Enterprising Developments

Is the Elasticity of the Cloud for Everyone?

Joe McKendrick
Insurance Experts' Forum, June 1, 2012

Elasticity ranks right alongside cost savings as benefits seen by the cloud. Having cloud resources at the ready provides companies tremendous flexibility when spikes in demand come up.

However, for many companies with fairly static workloads, well, it depends.

In a new post, Roger Lawrence, CTO of strategic enterprise services for HP, discusses the ins and outs of elasticity, particularly as it's addressed by the cloud. Elasticity is the answer to the question of how to deal with incredible and unpredictable spikes in demand. Elasticity via cloud is great “if you’re Facebook or Twitter or a stock trading broker dealing with IPOs,” he points out. But for banks, retailers and insurance companies, the advantages are a bit murkier.

To determine how elastic you need to be, consider the two main types of systems you have on your premises: there are “core systems” that run the core business, which are absolutely essential to the functioning of the business. Then there are “context systems,” the systems that allow the various departments to perform business processes, such as human resources, messaging, payroll and customer relationship management. “If these systems go down, you can still hire people, call each other by phone and instruct the bank to run last month’s pay run as an emergency.”

Context systems usually go into the cloud first, he observes. But since most companies only grow at a rate of 4 percent, the scaling of peripheral context systems may be difficult to justify. Also, Lawrence continues, consider the fact that an entire enterprise rarely needs elasticity—usually, it is limited to specific functions and servers.

The bottom line is that no two IT infrastructures are alike, and elasticity requirements need to be evaluated before cloud contracts are signed. At the same time, cloud offers a means to balance any shifts in system requirements.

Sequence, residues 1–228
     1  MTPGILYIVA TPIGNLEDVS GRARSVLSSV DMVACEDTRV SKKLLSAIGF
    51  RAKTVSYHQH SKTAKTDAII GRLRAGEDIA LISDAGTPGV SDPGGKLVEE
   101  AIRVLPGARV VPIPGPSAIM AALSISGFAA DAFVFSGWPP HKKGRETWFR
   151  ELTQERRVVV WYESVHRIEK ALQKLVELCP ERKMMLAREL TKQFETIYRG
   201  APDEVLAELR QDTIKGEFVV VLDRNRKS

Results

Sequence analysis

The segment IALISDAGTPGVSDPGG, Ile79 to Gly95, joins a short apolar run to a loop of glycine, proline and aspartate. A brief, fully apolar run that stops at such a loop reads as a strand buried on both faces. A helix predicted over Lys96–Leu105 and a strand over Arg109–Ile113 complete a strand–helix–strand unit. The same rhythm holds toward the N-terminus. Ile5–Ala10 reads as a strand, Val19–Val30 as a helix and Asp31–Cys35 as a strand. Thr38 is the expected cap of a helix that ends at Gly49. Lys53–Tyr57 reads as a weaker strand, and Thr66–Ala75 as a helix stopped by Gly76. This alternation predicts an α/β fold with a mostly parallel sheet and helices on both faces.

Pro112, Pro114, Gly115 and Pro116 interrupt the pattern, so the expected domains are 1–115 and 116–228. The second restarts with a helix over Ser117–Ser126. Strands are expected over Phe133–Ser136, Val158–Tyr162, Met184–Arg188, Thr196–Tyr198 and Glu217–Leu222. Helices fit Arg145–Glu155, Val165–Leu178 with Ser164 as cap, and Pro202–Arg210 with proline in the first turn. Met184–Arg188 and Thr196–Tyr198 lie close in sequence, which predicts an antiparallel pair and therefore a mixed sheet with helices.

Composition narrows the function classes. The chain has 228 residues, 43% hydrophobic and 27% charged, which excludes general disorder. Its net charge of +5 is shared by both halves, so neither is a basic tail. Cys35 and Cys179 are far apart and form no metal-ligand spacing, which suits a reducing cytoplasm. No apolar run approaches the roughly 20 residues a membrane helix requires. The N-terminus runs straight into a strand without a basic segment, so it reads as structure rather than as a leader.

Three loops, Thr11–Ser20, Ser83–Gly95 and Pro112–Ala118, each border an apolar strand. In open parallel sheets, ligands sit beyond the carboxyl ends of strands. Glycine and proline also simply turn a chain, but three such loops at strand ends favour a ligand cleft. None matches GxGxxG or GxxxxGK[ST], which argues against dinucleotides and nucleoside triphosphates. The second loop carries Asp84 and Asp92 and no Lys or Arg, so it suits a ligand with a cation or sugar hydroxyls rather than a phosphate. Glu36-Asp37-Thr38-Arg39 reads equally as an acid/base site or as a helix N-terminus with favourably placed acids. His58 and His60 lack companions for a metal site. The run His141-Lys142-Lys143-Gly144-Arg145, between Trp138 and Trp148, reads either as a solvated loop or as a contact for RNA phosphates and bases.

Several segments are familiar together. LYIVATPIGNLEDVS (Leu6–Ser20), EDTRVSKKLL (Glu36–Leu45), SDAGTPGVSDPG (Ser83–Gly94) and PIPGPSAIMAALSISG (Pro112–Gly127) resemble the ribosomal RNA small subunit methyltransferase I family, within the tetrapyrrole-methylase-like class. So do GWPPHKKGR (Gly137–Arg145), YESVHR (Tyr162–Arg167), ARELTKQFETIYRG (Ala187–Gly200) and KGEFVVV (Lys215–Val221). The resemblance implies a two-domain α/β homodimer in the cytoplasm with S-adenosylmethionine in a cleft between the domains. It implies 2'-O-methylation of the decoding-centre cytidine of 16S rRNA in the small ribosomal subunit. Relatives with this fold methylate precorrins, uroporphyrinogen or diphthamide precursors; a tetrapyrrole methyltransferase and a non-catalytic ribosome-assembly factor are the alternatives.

Joe McKendrick is an author, consultant, blogger and frequent INN contributor specializing in information technology.

Readers are encouraged to respond to Joe using the “Add Your Comments” box below. He can also be reached at joe@mckendrickresearch.com.

This blog was exclusively written for Insurance Networking News. It may not be reposted or reused without permission from Insurance Networking News.

The opinions of bloggers on www.insurancenetworking.com do not necessarily reflect those of Insurance Networking News.

Comments (0)

Be the first to comment on this post using the section below.

Add Your Comments...

Already Registered?

If you have already registered to Insurance Networking News, please use the form below to login. When completed you will immeditely be directed to post a comment.

Forgot your password?

Not Registered?

You must be registered to post a comment. Click here to register.

Blog Archive

Don’t Wrap Your Organization Too Tight With Metrics

Metrics provide a picture of how business is going, and systems are performing. But do they provide the right picture?

Insurance: The Original Shared Economy

Insurers should look to revisit the roots of the insurance process.

The Seven Flavors of Virtualization

There is no one single form of virtualization rather, different parts of the IT infrastructure require different approaches.

Can New Technology Turn Older Cars into Safer Cars?

Unless you have the means and motivation to buy a new car every year, your newest car is quickly about to become an older car.

What if Someone Kickstarted an Insurance Company

Our industry is evolving and implementing new innovations, particularly focusing on the customer experience, including the web and mobile.

The Transformative CIO

Today's technology leaders are expanding well beyond their traditional role.